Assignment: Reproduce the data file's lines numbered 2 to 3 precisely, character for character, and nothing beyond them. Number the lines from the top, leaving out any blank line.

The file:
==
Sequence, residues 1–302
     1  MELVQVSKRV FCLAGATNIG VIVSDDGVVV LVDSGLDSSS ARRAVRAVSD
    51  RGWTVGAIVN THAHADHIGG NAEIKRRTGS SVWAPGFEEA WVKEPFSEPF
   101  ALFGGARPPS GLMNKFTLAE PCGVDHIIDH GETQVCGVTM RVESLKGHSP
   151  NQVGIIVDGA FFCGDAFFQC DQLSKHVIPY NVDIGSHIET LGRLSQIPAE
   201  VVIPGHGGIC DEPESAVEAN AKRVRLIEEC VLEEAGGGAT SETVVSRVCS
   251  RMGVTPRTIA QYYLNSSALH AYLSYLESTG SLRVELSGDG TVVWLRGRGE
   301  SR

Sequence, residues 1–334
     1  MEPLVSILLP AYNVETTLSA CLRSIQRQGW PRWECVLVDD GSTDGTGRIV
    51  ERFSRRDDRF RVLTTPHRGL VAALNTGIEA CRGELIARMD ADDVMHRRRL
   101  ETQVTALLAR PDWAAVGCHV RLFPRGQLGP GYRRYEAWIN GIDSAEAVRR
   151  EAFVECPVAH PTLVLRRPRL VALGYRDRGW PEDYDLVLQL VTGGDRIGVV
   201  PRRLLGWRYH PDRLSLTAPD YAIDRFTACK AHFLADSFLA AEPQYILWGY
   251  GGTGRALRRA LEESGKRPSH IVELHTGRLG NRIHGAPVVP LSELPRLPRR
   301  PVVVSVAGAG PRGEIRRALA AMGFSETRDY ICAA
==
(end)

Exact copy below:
     1  MELVQVSKRV FCLAGATNIG VIVSDDGVVV LVDSGLDSSS ARRAVRAVSD
    51  RGWTVGAIVN THAHADHIGG NAEIKRRTGS SVWAPGFEEA WVKEPFSEPF